His debut album Back to the Old School proved he was more than just a pretty face. It came out on the independent New York label Fresh/Sleeping Bag label in 1986, and sounded like no other hip-hop album, thanks to his fast, forceful rhymes, Cool DMX's human beatbox, and the distinctive production of Mantronix's Kurtis Mantronik. Ice was also one of the first MCs to embrace the teachings of the Nation of Gods and Earths on a recording, as well as being a pioneer in incorporating dancehall reggae-style toasting into hip-hop rhymes. When he was held by Washington, D.C., police regarding the murder of a drug dealer in 1987 ("Murder, Drugs, and the Rap Star" read a Washington Post headline), it gave him an even greater notoriety (he was never charged with the murder). Declaring war on D.C.'s go-go scene and loudly criticizing Run-D.M.C.
(then the ruling New York hip-hop outfit), Just-Ice set a pattern for many a future hip-hop feud. Little could halt Just-Ice's ascension to hip hop stardom, though the departure of Mantronik from Sleeping Bag was a bad omen. KRS-One stepped in to produce 1987's Kool & Deadly, an album that swapped Mantronik's hi-tech skills for raw, elemental beats and rhymes. The British and New York public that had so enthusiastically embraced Back to the Old School were indifferent about this one, and 1989's The Desolate One (with KRS-One back in the producer's seat) was no great improvement.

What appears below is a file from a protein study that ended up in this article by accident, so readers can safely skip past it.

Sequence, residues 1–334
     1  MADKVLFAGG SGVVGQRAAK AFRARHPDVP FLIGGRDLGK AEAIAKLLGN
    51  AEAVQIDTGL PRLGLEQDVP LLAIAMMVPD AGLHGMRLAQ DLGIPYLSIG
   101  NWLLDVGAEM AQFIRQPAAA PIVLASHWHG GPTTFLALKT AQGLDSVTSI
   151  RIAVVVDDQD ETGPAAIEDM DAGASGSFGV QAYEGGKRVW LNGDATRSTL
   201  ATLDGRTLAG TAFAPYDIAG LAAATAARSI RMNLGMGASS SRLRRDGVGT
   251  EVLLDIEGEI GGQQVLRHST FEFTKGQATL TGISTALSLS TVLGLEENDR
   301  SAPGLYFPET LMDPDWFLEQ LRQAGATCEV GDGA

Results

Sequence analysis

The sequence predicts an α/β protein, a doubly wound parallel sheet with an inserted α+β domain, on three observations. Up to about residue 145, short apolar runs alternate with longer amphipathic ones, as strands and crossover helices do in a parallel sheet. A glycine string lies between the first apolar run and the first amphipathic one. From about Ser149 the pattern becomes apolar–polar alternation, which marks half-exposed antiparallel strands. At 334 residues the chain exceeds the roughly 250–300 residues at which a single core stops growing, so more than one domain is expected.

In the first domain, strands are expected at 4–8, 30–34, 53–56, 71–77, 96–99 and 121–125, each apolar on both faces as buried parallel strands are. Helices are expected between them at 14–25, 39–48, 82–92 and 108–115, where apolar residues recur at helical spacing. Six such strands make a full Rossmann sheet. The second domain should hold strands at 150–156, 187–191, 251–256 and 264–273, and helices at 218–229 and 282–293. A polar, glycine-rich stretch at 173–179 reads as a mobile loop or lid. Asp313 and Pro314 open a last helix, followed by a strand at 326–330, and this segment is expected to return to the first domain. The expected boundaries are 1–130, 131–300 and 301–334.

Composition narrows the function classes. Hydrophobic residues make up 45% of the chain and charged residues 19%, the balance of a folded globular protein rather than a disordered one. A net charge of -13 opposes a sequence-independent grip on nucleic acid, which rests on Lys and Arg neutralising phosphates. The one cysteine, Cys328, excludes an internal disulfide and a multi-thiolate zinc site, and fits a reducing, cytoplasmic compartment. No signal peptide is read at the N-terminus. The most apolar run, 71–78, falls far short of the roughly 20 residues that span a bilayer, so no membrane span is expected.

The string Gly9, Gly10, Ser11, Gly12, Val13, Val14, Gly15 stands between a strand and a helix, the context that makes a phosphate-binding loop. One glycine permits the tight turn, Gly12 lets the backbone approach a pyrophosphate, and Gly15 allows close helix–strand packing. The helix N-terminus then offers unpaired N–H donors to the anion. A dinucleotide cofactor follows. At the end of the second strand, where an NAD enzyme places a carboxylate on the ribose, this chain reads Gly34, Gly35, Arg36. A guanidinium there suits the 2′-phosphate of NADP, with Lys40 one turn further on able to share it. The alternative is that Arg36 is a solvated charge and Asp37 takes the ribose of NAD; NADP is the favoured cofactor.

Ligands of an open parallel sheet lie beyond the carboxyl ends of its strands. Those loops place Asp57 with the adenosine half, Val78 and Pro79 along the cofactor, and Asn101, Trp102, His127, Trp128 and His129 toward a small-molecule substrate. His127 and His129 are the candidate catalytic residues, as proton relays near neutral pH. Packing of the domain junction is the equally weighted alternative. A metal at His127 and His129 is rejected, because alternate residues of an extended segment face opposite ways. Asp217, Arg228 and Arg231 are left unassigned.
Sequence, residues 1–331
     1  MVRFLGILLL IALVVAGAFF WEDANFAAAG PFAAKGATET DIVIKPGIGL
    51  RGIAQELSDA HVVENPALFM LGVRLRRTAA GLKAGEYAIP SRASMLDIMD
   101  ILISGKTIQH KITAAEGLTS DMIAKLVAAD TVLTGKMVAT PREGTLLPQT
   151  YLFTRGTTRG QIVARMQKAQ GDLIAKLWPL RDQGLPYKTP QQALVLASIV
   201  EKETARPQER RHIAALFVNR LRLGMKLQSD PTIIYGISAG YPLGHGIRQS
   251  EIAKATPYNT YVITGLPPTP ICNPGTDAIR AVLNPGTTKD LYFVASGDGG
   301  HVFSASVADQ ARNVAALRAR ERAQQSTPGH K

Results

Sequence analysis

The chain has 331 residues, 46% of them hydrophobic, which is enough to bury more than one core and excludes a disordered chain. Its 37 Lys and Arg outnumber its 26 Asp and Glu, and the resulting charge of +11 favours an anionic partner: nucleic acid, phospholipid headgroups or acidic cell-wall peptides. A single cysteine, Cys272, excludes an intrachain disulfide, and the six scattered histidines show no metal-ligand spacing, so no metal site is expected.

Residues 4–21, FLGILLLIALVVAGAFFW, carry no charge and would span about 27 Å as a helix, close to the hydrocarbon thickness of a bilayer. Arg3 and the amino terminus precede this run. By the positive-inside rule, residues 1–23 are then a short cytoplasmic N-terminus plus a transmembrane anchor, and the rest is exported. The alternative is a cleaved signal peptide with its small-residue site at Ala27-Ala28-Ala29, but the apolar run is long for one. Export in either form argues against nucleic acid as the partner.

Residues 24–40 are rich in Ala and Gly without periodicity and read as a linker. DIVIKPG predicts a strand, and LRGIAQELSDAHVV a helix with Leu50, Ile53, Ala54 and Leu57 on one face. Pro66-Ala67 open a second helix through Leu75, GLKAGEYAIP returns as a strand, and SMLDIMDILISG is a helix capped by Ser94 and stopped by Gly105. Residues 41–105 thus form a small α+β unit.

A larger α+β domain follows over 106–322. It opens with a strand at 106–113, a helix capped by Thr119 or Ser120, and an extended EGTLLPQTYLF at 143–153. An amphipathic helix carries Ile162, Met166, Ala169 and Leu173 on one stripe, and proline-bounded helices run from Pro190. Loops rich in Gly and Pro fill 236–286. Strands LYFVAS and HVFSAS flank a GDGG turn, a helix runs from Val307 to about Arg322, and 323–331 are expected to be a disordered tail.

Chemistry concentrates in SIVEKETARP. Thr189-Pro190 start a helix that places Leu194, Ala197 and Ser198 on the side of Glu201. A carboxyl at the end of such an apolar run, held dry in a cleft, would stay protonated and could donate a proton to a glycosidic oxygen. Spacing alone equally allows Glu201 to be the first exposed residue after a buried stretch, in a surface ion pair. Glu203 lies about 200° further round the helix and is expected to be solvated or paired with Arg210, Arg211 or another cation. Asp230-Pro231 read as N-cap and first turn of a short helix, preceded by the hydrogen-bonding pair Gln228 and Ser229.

By 1990, both Just-Ice and Sleeping Bag appeared to be quickly fading as a new generation of MCs and labels overtook them. He continued to release albums at intervals across the 1990s, but they were on tiny independent labels, although one, 1993's Gun Talk, had major-label distribution and had five of the album's 10 cuts produced by Kurtis Mantronik; and were rarely noticed. Just-Ice was a member of hip-hop super session, the Stop the Violence Movement, which released one single ("Self Destruction") in 1990. Read more on Last.fm.
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